The Family Friend – at Amazon


Il Divo (2008)

Sorrentino’s political drama about Giulio Andreotti must be the best drama about a politician that’s been made for decades, possibly ever. Toni Servillo plays the reptilian Andreotti, the first prime minister after democracy was restored in 1946 and a politician who kept high office until the 1990s, and influence until he died in May 2013. It is the story of a modern Italian politician as a direct scheming descendant of the Borgias, a goodfellas story that manages to spill the beans on the how and who of Italian corruption in high places but does it with an operatic style so heady with gorgeous technique that the technique threatens to overwhelm its subject. Except that its subject is so superabundantly crooked that he can take it.

Il Divo – at Amazon


This Must Be the Place (2011)

Sorrentino’s first English language film saw him getting Sean Penn to dress up like Robert Smith of the Cure to play an ageing goth rocker whose round of self-absorption and tax exile in Ireland (where he is attended to by Eve Hewson, daughter of Bono) is broken by his decision to become a Nazi hunter. If that sounds odd enough as a set-up, this very peculiar road movie (stopping off for a song by David Byrne, whose True Stories is clearly a model), delivered in flat monotone by Penn throughout, eventually builds towards a feverish climax in which the good guys appear to be being painted as cruel and vengeful and the old Nazi they’ve tracked down is used as a receptacle for the milk of human kindness. Revenge is a dish best served not at all seems to be Sorrentino’s idea, in a return to some of themes and procedures of The Consequences of Love.

This Must Be the Place – at Amazon


There is also a box set worth having  here. It contains One Man Up (with English subtitles, unlike the standalone dvd), The Consequences of Love, The Family Friend and Il Divo.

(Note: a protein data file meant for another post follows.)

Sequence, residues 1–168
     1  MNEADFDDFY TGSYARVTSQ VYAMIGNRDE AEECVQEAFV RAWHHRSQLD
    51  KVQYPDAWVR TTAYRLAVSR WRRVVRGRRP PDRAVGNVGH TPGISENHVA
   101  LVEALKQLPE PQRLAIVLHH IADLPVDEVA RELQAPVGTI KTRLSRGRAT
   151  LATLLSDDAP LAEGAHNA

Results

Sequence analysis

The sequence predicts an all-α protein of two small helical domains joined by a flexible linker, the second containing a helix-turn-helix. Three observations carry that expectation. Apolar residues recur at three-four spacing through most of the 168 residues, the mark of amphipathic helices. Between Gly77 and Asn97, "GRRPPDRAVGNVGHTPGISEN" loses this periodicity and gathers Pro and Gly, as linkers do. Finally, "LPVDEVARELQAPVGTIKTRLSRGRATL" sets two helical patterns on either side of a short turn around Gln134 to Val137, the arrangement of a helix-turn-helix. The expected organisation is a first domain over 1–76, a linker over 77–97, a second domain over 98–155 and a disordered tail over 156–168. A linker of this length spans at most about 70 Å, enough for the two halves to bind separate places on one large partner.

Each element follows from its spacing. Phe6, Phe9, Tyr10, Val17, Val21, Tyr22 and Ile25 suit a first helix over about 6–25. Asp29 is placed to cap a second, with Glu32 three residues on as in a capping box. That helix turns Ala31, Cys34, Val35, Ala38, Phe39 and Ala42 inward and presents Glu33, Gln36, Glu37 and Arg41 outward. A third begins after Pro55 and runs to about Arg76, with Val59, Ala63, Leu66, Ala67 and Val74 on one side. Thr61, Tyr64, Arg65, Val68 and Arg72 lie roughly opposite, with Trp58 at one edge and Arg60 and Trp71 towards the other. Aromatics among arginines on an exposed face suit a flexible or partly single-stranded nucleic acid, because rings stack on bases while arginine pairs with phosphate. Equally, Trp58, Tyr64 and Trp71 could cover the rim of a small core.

© Steve Morrissey 2013

The Consequences of Love




An easy film to recommend but a hard one to write about. That’s mostly because much of the power of The Consequences of Love derives from director Paolo Sorrentino’s playful decision to disguise what the film is all about. In fact it’s not even clear what genre he’s dealing with until a long way in. But a genre film it is, and the eventual realisation just which one director Sorrentino is toying with will either have you throwing hands up to heaven or kicking your legs into the air with joy. It starts as it means to go on – a long establishing shot of an empty moving walkway in an airport. Though this is beautifully framed, as the entire film is, the shot itself establishes nothing at all. Similarly there’s the film’s main character, the marvellously inert Toni Servillo who plays Titta, a name as stupid in Italian as it is in English. Titta is a long-term resident in an anodyne hotel in one of the world’s most antiseptic countries, Switzerland. He’s a man of few words, and those largely take the form of impenetrable or blindingly obvious aphorisms (“Shy people notice everything but they don’t get noticed”) whose unchanging routine includes a weekly delivery of a mysterious suitcase and his Wednesday morning ritual of injecting himself with heroin and blissing out. An initially incongruous element in a film which only declares itself fully as it heads flat out for the sort of ending Quentin Tarantino might deliver if he were mainlining Hieronymous Bosch. The Consequences of Love is a long cinematic joke, really, but a cool, dry, funny one.

© Steve Morrissey 2006


The Consequences of Love – at Amazon